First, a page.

Sodium dodecyl sulfate is a detergent that disrupts cell membranes, activates cell wall integrity signaling and restricts cell growth in Saccharomyces cerevisiae. However, the underlying mechanism of how sodium dodecyl sulfate inhibits cell growth is not fully understood. Previously, we have shown that deletion of the MCK1 gene leads to sensitivity to sodium dodecyl sulfate; thus, we implemented a suppressor gene screening revealing that the overexpression of TAT2 tryptophan permease rescues cell growth in sodium dodecyl sulfatetreated Δmck1 cells. Therefore, we questioned the involvement of tryptophan in the response to sodium dodecyl sulfate treatment. In this work, we show that trp1-1 cells have a disadvantage in the response to sodium dodecyl sulfate compared to auxotrophy for adenine, histidine, leucine or uracil when cells are grown on rich media. While also critical in the response to tea tree oil, TRP1 does not avert growth inhibition due to other cell wall/membrane perturbations that activate cell wall integrity signaling such as Calcofluor White, Congo Red or heat stress. This implicates a distinction from the cell wall integrity pathway and suggests specificity to membrane stress as opposed to cell wall stress. We discovered that tyrosine biosynthesis is also essential upon sodium dodecyl sulfate perturbation whereas phenylalanine biosynthesis appears dispensable. Finally, we observe enhanced tryptophan import within minutes upon exposure to sodium dodecyl sulfate indicating that these cells are not starved for tryptophan. In summary, we conclude that internal concentration of tryptophan and tyrosine makes cells more resistant to detergent such as sodium dodecyl sulfate.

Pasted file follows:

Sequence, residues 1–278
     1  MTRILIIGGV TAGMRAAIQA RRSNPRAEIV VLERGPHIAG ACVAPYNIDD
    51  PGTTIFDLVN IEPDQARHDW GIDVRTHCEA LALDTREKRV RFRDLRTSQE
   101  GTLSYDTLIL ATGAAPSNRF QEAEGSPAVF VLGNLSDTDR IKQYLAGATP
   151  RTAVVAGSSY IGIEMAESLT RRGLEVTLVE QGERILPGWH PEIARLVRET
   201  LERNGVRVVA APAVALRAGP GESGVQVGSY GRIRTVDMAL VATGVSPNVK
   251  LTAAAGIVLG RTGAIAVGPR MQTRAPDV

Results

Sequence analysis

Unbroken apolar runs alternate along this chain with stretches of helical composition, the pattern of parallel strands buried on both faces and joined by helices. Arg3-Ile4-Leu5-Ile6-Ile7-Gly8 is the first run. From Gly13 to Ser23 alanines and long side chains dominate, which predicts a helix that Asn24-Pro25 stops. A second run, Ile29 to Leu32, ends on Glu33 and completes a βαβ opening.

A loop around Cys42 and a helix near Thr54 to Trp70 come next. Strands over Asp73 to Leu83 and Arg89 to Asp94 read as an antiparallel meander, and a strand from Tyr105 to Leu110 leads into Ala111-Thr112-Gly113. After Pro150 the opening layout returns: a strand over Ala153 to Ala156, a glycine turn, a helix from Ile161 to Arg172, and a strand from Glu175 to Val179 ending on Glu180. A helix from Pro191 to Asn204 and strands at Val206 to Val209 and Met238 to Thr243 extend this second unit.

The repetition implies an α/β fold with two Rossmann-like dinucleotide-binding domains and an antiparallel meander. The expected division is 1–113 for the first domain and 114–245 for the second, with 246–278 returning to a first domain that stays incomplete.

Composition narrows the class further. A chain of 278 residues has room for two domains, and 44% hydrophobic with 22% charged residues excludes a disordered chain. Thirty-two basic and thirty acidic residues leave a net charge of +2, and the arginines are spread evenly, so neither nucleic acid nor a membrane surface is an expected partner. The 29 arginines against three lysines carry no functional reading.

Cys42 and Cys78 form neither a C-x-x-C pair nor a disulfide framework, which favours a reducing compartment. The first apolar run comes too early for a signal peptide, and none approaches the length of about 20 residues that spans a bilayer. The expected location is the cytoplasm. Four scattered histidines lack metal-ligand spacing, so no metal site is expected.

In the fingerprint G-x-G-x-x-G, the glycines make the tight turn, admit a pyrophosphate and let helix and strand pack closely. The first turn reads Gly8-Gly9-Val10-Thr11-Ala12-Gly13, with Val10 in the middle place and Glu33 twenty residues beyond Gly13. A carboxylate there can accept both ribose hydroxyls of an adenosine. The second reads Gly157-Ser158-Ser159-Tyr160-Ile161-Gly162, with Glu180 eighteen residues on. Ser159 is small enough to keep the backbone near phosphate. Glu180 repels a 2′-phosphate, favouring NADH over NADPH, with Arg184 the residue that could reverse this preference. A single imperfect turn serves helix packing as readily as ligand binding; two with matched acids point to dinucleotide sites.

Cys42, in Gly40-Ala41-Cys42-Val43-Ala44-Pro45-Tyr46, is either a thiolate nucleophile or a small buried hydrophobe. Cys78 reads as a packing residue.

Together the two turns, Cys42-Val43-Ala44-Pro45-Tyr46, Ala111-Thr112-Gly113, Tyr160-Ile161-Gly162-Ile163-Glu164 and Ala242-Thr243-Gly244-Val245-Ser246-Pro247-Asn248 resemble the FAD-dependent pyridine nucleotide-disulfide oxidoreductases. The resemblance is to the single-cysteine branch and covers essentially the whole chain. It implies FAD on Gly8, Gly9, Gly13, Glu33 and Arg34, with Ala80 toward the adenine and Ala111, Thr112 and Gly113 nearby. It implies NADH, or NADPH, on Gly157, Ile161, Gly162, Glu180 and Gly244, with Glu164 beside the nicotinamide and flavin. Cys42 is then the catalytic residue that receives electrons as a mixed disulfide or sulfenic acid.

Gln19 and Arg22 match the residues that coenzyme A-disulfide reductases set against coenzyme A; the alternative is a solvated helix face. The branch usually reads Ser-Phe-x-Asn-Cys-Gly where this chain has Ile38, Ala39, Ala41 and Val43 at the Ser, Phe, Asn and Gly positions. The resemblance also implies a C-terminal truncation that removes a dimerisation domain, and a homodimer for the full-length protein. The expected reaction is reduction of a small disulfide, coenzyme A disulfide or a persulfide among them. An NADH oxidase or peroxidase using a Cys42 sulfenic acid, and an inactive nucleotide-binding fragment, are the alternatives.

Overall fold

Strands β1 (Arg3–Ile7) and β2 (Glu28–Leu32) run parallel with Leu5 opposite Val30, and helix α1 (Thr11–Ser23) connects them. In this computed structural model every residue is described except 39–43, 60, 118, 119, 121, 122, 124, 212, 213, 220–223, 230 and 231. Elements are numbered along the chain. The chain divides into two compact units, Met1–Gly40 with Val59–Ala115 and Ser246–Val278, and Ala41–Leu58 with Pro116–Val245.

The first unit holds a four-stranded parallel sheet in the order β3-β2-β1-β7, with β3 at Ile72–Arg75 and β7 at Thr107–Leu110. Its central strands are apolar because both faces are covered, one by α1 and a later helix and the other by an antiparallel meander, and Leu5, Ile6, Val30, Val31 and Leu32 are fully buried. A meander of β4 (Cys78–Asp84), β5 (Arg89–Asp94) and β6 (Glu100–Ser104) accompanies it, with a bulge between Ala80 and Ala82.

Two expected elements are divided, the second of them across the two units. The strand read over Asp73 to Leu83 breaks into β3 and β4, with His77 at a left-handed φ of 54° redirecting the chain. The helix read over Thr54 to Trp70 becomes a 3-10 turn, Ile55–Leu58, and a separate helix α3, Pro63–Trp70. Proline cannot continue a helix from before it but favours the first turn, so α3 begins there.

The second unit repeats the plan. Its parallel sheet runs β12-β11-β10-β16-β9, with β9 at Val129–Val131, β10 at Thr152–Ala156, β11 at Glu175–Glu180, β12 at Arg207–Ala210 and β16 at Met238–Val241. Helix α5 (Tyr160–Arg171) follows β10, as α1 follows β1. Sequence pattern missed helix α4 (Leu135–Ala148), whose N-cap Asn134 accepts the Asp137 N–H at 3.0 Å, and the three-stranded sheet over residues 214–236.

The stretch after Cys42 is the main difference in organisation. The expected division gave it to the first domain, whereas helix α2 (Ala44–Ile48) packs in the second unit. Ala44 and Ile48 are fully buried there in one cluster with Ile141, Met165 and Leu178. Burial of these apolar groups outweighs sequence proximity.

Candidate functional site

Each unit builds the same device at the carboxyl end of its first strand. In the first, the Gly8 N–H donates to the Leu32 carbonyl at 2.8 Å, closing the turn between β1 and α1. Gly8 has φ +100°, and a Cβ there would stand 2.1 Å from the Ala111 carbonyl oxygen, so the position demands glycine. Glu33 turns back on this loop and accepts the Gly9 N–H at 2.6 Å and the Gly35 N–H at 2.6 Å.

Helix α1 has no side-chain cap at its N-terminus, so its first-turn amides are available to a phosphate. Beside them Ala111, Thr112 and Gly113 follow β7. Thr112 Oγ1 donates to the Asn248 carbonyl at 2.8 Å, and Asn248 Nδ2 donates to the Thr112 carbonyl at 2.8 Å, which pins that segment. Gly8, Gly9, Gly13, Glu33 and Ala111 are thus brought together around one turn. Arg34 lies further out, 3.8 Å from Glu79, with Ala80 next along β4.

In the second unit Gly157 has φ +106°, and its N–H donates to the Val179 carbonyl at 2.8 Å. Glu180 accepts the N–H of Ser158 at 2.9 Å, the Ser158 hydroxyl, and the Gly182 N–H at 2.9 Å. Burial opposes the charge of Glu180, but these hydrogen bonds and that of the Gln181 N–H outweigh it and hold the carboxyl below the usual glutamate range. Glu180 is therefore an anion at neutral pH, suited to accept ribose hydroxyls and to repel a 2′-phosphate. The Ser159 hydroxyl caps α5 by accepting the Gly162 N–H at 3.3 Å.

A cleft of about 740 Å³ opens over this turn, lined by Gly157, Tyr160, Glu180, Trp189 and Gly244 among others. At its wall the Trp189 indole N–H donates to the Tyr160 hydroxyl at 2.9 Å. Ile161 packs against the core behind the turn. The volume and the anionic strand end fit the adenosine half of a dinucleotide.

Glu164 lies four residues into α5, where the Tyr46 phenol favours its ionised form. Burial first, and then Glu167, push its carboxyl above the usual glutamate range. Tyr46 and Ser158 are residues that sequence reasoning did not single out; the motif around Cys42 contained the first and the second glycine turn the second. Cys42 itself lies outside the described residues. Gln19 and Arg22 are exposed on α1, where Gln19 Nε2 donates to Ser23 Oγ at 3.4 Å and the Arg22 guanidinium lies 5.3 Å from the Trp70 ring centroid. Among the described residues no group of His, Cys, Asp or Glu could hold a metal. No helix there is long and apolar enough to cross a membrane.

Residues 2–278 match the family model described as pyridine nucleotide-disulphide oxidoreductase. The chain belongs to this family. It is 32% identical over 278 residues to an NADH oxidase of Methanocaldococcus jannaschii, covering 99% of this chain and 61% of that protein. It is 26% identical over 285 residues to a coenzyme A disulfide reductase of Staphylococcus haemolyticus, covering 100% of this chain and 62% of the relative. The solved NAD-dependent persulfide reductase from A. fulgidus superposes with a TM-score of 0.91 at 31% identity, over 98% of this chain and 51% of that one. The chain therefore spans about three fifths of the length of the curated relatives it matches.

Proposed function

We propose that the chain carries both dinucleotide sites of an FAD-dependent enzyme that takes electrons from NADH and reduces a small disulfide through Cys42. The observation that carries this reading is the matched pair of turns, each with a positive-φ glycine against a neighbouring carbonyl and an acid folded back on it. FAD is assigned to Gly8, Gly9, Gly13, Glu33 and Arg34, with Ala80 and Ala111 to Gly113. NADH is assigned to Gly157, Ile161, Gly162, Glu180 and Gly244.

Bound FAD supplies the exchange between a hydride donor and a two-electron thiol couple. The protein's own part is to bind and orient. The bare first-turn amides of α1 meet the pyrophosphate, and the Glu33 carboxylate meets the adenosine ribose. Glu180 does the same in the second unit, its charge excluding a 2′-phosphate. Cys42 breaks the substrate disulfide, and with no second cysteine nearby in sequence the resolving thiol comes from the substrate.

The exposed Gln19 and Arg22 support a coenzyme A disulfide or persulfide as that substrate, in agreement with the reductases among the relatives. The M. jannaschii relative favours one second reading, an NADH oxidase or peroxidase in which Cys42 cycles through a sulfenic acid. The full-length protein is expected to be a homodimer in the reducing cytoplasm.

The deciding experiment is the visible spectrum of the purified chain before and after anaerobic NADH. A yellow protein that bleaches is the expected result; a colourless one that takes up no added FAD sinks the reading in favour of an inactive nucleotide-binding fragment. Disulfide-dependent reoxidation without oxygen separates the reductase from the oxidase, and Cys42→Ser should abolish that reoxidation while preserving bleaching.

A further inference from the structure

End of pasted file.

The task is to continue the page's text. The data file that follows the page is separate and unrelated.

Schroeder, Lea and Ikui, Amy E., "Tryptophan confers resistance to SDS-associated cell membrane stress in Saccharomyces cerevisiae" (2019). CUNY Academic Works.